SFPD to create elite team to deal with mental health calls

February 9, 2011 12:00:00 AM PST
At a meeting Wednesday night, the San Francisco Police Commission announced plans to create an elite unit of officers with specialized training to handle situations involving the mentally disabled. This comes on the heels of incident in January in which a man in a wheelchair was shot during a confrontation with police.

There was jubilation at City Hall Wednesday night as some of the commissioners left saying it was the best meeting they had ever been a part of.

The vote was unanimous to begin training officers like they do in Memphis, Tennessee and adopt their business model.

The commission looked into new ways to deal with mentally disturbed citizens. About 900 officers have already been through a three-hour training program, but that training stopped last summer because of budget cuts. Now, the police commission embraced a highly-regarded new model presented by researchers from the University of Memphis.

"I would urge you to put the resources into this program that it needs to succeed because this program is going to make a huge difference for our communities," said Eduardo Vega, executive director of the Mental Health Association of San Francisco.

The Memphis model allows select officers to volunteer for elite Crisis Intervention Training, or CIT. The trained teams would then work their regular assignments, but could quickly be dispatched to a mental health call.

The CIT officers would be available 24/7 and would network with local mental health experts. Acting Police Chief Jeff Godown wants to take it a step further.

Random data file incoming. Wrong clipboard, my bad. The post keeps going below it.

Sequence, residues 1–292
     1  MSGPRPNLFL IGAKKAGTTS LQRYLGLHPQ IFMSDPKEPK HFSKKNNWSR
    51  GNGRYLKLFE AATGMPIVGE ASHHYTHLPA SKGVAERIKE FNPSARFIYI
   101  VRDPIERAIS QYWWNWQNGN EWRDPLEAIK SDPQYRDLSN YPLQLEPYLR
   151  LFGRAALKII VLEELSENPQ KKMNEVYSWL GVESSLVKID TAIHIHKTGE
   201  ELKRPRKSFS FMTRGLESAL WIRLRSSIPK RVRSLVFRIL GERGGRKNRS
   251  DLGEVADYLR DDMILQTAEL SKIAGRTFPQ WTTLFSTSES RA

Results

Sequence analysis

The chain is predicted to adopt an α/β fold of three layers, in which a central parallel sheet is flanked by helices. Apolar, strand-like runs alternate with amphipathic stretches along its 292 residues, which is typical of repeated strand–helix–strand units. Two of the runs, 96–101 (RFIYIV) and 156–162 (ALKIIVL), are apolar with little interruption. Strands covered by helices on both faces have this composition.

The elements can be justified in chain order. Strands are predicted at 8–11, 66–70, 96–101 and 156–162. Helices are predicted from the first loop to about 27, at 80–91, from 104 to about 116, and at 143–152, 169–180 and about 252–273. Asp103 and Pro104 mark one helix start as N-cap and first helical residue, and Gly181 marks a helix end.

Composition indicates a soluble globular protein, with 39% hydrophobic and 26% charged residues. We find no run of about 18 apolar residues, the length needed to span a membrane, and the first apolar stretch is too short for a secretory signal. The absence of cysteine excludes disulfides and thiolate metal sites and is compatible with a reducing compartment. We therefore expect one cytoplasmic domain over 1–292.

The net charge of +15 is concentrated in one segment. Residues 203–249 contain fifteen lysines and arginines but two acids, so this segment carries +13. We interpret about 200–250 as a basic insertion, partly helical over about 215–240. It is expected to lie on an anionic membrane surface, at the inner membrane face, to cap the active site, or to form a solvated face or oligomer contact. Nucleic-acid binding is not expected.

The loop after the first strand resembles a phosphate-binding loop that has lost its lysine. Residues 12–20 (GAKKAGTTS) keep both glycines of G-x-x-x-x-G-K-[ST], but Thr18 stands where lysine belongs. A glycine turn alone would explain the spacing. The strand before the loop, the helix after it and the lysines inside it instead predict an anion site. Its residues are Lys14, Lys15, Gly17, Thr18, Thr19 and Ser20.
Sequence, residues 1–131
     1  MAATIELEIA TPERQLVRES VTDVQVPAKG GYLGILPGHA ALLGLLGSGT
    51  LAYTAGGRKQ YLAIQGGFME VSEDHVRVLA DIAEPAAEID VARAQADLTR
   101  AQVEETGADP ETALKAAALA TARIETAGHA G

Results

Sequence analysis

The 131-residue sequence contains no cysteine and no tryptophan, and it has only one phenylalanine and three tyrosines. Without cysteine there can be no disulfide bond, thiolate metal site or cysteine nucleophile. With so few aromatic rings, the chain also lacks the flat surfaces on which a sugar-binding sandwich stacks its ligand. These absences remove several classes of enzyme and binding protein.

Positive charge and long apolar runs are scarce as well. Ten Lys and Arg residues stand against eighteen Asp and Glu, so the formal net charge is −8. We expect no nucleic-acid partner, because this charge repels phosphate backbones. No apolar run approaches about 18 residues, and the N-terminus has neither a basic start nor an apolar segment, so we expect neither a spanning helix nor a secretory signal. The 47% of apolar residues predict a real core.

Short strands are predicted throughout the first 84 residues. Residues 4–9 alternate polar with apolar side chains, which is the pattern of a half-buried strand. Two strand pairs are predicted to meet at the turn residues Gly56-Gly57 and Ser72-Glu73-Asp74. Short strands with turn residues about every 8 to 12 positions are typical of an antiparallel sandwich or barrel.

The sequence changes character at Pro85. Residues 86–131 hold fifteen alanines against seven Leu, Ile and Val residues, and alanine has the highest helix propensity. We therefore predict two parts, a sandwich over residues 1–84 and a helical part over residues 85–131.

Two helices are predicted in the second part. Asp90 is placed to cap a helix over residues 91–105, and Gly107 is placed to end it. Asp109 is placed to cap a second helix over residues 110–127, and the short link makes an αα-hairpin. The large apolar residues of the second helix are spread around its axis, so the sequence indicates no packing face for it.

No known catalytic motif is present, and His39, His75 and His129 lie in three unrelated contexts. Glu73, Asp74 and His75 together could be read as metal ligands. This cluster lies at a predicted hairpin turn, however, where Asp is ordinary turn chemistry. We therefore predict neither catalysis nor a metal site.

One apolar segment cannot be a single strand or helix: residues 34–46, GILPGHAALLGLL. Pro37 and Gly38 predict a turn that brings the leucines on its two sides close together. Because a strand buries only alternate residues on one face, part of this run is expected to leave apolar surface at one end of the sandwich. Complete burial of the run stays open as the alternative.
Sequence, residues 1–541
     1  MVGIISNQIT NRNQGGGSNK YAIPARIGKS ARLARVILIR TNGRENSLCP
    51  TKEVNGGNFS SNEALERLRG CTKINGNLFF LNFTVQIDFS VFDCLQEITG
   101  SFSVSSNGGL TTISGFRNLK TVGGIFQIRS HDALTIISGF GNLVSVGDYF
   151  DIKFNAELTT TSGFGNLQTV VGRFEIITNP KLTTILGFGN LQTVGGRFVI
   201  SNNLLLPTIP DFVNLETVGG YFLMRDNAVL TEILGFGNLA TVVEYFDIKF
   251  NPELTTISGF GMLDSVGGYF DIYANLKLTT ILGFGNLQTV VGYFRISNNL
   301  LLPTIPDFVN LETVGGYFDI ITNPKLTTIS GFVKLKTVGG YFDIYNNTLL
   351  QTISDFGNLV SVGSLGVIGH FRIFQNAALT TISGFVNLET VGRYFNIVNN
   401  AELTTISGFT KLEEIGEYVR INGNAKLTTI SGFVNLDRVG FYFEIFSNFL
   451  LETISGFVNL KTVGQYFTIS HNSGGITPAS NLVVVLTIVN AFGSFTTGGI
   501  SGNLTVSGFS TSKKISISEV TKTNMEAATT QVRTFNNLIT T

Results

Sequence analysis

"The reality is the CIT program should be morphed into standardized training for any officer to have any contact with anybody," said Godown.

The immediate action comes on the heels of a Jan. 4 incident in which San Francisco police shot and wounded 55-year-old Randall Dunklin as he sat in a wheelchair. He slashed an officer in the shoulder. Dunklin is now in jail and his attorney said they're considering filing a lawsuit against the city.

"I'm glad to see that they're considering at least what the community has asked them to consider," said attorney Eric Safire.

The resolution passed and the police chief is asking for 30 days to tweak it and make a few adjustments. They need to figure out when they would start the training and whether it would be for all the officers or a very small group to start with. No word on how much this will cost, but they do think it will take a full year to implement.


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